A word is called a *palindrome* if it is equal to its reversal. In the paper we consider a *k*-abelian modification of this notion. Two words are called *k*-*abelian equivalent* if they contain the same number of occurrences of each factor of length at most *k*. We say that a word is a *k*-*abelian palindrome* if it is *k*-abelian equivalent to its reversal. A question we deal with is the following: how many distinct palindromes can a word contain? It is well known that a word of length *n* can contain at most n+1

distinct palindromes as its factors; such words are called *rich*. On the other hand, there exist infinite words containing only finitely many distinct palindromes as their factors; such words are called *poor*. We show that in the *k*-abelian case there exist infinite words containing finitely many distinct *k*-abelian palindromic factors. For rich words we show that there exist finite words of length *n* containing Θ(n2)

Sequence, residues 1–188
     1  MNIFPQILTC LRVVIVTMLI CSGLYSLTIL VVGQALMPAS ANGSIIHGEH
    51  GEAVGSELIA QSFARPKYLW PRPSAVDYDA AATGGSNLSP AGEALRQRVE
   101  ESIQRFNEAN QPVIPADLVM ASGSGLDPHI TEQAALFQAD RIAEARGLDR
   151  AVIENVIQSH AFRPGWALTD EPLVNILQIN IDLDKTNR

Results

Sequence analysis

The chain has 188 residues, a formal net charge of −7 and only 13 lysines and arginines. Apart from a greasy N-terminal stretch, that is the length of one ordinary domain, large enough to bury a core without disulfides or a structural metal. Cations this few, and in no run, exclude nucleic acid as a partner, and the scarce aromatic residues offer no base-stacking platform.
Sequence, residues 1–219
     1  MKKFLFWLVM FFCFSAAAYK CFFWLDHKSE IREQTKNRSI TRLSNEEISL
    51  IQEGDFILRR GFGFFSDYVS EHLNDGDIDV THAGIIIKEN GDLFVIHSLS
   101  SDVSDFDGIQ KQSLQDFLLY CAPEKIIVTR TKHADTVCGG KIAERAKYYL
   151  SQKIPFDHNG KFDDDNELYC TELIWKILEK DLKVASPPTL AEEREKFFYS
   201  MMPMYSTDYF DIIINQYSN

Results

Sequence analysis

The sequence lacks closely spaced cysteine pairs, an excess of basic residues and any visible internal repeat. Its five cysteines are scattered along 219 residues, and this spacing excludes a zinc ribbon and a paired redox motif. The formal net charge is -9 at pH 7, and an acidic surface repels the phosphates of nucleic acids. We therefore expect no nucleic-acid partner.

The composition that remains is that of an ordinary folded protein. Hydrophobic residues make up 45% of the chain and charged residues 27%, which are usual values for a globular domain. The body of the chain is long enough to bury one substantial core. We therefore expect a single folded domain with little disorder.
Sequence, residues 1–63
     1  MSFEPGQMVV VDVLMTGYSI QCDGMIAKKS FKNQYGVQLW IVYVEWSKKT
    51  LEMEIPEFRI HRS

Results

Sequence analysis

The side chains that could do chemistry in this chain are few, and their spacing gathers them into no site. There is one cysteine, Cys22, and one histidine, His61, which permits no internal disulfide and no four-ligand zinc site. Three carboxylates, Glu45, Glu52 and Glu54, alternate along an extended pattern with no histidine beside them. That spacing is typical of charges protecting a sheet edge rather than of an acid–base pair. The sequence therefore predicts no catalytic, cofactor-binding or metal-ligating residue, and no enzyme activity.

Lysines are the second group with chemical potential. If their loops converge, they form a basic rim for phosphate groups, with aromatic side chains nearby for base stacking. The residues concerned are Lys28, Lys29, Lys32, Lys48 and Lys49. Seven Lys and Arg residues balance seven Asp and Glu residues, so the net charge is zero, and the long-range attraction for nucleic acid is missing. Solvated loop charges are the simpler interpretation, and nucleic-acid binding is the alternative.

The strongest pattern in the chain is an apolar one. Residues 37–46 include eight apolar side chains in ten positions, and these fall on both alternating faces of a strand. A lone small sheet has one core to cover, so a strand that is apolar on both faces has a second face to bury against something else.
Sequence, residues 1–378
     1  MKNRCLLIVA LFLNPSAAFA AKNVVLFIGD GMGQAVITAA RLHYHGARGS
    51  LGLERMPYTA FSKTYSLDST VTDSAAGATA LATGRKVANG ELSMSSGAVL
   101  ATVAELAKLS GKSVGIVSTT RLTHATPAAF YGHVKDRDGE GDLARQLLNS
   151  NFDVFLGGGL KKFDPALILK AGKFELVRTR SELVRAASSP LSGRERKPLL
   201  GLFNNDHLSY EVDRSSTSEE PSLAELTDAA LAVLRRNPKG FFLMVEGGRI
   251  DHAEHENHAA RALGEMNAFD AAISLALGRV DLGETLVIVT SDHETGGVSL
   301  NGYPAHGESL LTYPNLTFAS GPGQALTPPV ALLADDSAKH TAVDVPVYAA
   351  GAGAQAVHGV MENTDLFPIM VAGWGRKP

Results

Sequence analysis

distinct *k*-abelian palindromes as their factors.